House viewed through night vision scope.

Why do we need Night Vision? So we can see that night is the basic answer. Still, when you consider that nocturnal animals have managed for millions of years without technological help, the correct question is why do humans need night vision? The answer to that question is obvious - because we don't have a tapetum lucidum. This tapetum lucidum, which translates from Latin as 'a bright tapestry', is a layer of tissue in the eye of many vertebrates just behind the retina, allowing them to increase the light available to their photoreceptors.

Big cats, birds of prey, rodents, and even some sea creatures have this capability. We, humans, are not in possession of such ocular gadgetry, so we can't hunt at night. Fortunately, what we lack in the ability to detect shapes and contrast in low light or pitch dark, we make up for in technological and biological savvy.

But why do we want to be able to see at night?

Well, we no longer need to hunt our food, so night vision doesn't aid us there. However, it does provide a distinct advantage in several other areas, including espionage, surveillance, warfare, crime prevention, search and rescue, navigation and even nature trekking.

So how does it work?

There are two types of night vision; thermal imaging and image enhancement. You'll have seen the former at play on shows like Police, Camera, Action, where a suspect is located hiding in a bush due to him showing up on the screen as a glowing red blob. As you might expect, thermal imaging relies on heat to render an image. The more contrast in the heat (think of a man hiding in a garage), the clearer the image. The benefit of thermal imaging is that not only does it enable you to see in the dark, but you can also see through, behind and inside things. The second type of night vision technology is image enhancement.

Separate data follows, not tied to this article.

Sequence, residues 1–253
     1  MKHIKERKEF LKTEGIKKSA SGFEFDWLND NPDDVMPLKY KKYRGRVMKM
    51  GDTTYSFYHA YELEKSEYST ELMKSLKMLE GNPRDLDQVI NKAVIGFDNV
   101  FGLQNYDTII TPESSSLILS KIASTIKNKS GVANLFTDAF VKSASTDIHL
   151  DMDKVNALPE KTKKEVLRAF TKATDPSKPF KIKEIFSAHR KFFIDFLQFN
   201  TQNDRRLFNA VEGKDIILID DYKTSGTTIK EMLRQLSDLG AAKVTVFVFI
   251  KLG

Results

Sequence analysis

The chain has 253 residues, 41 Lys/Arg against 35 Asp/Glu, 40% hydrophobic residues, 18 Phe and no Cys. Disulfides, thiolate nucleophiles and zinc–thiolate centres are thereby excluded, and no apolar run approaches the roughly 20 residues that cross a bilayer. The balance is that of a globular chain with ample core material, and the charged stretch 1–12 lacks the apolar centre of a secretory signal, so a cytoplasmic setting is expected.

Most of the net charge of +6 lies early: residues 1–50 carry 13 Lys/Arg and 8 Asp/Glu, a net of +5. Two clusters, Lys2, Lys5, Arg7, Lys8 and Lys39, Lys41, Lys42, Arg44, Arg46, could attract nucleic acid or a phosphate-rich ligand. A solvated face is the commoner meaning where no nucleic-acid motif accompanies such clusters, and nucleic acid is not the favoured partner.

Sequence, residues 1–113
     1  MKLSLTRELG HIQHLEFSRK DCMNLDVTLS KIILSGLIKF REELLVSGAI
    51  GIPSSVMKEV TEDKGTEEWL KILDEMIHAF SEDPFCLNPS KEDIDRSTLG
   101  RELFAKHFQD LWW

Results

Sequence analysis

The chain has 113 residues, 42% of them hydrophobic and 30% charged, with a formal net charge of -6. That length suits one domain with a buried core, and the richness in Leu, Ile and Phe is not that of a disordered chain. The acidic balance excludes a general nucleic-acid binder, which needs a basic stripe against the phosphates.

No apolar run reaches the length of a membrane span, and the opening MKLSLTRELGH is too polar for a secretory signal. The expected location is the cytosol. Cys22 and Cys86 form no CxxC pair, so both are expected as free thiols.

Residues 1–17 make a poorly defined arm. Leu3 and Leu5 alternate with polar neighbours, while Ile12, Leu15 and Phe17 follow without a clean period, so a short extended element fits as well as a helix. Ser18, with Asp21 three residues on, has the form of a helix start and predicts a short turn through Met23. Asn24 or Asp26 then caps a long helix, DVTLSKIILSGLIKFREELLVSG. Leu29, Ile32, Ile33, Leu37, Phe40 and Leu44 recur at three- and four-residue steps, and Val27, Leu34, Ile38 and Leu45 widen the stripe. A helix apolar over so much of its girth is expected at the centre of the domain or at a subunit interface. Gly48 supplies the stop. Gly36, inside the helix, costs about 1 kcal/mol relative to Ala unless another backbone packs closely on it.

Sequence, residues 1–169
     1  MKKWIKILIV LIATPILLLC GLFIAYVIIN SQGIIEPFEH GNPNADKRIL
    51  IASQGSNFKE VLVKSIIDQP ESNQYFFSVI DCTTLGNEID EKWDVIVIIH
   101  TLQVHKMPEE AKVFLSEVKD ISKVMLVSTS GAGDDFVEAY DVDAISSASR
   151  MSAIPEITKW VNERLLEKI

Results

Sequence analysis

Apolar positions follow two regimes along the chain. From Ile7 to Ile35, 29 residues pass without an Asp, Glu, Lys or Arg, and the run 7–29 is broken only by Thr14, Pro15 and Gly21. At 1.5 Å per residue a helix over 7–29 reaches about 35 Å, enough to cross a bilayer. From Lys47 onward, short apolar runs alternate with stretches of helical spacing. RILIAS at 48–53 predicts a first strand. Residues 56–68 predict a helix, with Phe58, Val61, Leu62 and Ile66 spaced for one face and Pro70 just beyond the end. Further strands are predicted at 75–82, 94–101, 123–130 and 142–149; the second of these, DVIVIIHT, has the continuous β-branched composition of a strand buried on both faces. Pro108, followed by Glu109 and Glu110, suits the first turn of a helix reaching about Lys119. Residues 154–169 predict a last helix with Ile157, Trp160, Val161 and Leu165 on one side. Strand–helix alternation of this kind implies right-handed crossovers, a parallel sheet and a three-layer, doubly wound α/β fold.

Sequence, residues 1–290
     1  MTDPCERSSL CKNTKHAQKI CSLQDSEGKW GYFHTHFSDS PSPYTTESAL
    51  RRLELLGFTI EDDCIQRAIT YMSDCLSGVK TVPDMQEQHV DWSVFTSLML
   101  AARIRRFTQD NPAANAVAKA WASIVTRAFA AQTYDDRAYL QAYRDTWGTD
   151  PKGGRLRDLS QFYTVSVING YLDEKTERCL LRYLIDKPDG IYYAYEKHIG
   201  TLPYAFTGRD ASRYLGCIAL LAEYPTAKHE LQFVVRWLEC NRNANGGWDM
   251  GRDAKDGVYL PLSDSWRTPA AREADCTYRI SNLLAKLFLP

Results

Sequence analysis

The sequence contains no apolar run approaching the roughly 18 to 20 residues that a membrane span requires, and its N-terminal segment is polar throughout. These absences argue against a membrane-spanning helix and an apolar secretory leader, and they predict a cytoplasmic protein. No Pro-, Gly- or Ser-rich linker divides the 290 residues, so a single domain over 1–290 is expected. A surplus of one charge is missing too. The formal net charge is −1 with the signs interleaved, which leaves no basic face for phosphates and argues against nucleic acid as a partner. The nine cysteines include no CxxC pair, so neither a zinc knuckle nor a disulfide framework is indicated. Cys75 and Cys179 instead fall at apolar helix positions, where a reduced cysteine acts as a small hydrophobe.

Even in total darkness, light exists but is invisible to the naked eye. Image enhancement effectively turns up the volume on these hidden forms of light, giving sharper contrast to an otherwise dark image. The best (and most expensive) night vision tech can enable you to see a person standing still in complete darkness over 200 yards away.

Why is Night Vision green?

Night vision is rendered in green because the makers of night vision technology assume you'll be monitoring the output for extended periods of time. The distinctive green hue of night vision has been proven to be easier on the eye than any other combination of colours. Naturally, there needs to be high contrast to render low light visible, and green is the easiest colour to pitch contrast against.

Night Vision Goggles

These are for seeing in the dark in real time. If you're a soldier in a war zone or pursuing a wild animal at night, you'll need to see what's going on as it happens. That means all of the image processing needs to take space between the lens of the goggle and your eyeball. Quite tricky. It also means it needs to happen extremely quickly. For that reason, night vision goggles are very expensive.

Night Vision Spy Cameras

A more affordable option for seeing in the dark could be a night vision camera. Night vision cameras not only let you see what's going on in the dark, but they also let you record the action. Ideal for evidence gathering and for discouraging antisocial or illegal behaviour.